Collecting a Liquid Library

By Cara Caputo, WMAPC Class 0f 2021

You might not be surprised to see a book on George Washington sitting on a library shelf, but you’d soon realize that the contents of Esprit de Washington hold liquid spirits rather than tales of the figure’s military and political feats. With its paper covers and imitation leather spine, this flask would have easily blended in with a shelf of books, but once removed, its true function as a flask would have been immediately evident. Displayed in Winterthur’s Albany Room, this flask is not meant to deceive visitors but instead invites them to consider the purpose of creating a flask in the shape of a book and the use of Washington as the book’s subject.

Glass flask covered with orange paper featuring a print of George Washington, the title “Washington,” and a poem in French.

“Front Cover” of the Flask. The glass flask is formed in the shape of a book and covered with paper to create the front and back covers of a book on George Washington. Photo by Author.

Side of book flask meant to look like the spine of a book with red leather and gilt decorations. Reads, “Esprit de Washington” and “Courage” and features gold lamp motifs.

“Spine” of Book Flask made of paper and meant to imitate red Morocco leather binding. Photo by Author.

One may assume from the front cover that this flask was made for an American audience, but upon closer inspection, the flask’s text, including a poem praising Washington, is written in French rather than English. Displayed prominently on the back of the object is the maker of this object: Fremy Freres Bottrel et Cie (Fremy Brothers), a French distillery that primarily produced fruit liquors and whiskey. While most of the paper has deteriorated, one can see a 19th-century still in the print on the object’s “back cover,” which is likely meant to depict a man working in the Fremy Brother’s distillery.

In 1822, the Fremy Brothers were issued a “five-year patent for glass bottles of various sizes, having the shape of a book, and intended to contain liqueurs.” A physical representation of this patent is visible as the text on the “back cover” of the flask reads in French, “By Patent of Invention and Improvement.” This text also suggests that the flask was made no earlier than 1822.

Back of glass flask covered with orange paper to imitate the back cover of a book. Text reads the name of the maker (Fremy Brothers) and a deteriorated print of a man working in a distillery.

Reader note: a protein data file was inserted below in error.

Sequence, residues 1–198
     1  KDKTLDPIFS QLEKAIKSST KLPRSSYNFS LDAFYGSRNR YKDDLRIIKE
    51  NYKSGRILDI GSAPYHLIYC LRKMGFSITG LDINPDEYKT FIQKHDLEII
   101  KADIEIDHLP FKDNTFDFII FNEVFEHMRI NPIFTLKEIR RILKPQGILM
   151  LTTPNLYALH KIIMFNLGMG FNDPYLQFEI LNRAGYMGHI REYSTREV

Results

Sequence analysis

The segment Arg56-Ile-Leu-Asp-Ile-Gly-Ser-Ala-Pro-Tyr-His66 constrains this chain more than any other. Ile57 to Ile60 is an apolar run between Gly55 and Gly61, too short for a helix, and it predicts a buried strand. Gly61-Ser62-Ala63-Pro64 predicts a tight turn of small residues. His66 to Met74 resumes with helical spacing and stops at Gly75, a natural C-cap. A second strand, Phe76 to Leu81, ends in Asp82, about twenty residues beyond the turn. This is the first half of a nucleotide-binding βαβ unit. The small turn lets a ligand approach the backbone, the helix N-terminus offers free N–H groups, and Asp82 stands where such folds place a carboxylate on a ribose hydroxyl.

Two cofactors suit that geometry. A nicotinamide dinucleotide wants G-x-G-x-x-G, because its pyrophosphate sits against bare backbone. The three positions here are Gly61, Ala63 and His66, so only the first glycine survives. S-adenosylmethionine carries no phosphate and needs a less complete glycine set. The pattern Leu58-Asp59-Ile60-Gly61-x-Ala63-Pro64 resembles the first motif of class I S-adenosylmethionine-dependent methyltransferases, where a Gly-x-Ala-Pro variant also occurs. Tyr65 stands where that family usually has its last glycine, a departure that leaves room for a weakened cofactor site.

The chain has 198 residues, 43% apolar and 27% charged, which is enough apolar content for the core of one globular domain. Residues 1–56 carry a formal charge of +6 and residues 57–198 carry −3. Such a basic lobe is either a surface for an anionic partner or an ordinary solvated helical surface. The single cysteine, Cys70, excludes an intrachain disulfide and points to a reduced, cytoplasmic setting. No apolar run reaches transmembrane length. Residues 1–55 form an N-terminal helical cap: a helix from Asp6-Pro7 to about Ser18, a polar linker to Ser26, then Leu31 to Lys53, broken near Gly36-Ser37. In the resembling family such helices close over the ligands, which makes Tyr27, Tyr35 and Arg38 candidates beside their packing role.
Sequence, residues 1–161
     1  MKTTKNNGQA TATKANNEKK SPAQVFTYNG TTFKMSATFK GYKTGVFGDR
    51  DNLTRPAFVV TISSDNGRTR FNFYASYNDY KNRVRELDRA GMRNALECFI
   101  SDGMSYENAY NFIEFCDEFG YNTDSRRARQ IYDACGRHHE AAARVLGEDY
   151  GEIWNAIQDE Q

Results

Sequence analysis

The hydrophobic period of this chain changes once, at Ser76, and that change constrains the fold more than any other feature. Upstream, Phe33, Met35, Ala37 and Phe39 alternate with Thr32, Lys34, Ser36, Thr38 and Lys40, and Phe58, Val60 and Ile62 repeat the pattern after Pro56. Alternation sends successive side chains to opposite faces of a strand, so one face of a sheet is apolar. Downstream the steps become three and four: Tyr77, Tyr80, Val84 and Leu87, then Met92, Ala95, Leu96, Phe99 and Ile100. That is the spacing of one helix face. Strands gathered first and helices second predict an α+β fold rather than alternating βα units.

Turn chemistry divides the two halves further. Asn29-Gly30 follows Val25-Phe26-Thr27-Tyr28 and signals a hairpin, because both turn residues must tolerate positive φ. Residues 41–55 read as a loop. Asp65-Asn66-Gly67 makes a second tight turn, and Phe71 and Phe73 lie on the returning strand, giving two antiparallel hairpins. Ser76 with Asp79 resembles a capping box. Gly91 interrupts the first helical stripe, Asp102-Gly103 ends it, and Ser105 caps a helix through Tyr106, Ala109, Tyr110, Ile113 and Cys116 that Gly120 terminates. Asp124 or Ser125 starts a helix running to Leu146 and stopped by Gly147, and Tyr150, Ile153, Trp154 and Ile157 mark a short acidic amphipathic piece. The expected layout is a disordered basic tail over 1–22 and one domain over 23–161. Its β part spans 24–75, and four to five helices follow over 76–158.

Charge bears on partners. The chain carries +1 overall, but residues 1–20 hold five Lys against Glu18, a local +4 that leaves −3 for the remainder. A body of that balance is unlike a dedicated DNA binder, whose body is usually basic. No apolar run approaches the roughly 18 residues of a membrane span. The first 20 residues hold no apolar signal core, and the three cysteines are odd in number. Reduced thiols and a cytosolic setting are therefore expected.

“Back Cover” of Book Flask featuring the maker’s name, a print of a distillery, and text indicating that the design of this object is patented. Photo by author.

The Fremy Brothers produced several book flasks with different covers and titles, encouraging consumers to collect them all until they acquired a complete flask library. The creation of this “liquid library” would have ultimately served to increase the Fremy Brothers’ liquor sales as each flask is branded with the company name and encourages customers to fill their flasks. Other examples of book flasks by the Fremy Brothers provide insight into the “ideal French library.” The subjects of these “books” range from the mythical to political as the series includes biographies of historical figures, such as Rousseau and Voltaire, and famous stories, including “Love and Psyche.”

Back of glass flask covered with brown paper to imitate the back cover of a back with a print of Rousseau in the center; Brown and Black imitation leather made to look like the spine of a book with gold gilt decoration and the text, “Esprit de Rousseau” and “Le Contrat Social.”

Spine and Back Cover of Book Flask made by Fremy Brothers made to imitate a copy of the Social Contract by J.J. Rosseau. Photo courtesy of the Museum of Angers.

While a book on an American icon, such as George Washington, may seem out of place in a French library, the idolization of early American leaders was a prominent practice in 19th-century France. The poem on the front cover praises Washington for his role in leading America to independence and he was strongly associated with liberty, one of France’s central ideals. The Fremy Brothers also made a book flask featuring Benjamin Franklin, further asserting that stories of America’s founding fathers and their association with independence and liberty held a prominent place in the canon of nineteenth-century French literature.

Glass flask covered with pink and red paper to imitate the front cover and spine of a book and features a print of Benjamin on the front, the title, “Franklin,” and a poem in French about Benjamin Franklin.

Book Flask by the Fremy Brothers entitled, “Esprit de Franklin.” Photo Courtesy of the Rare Books Forum.



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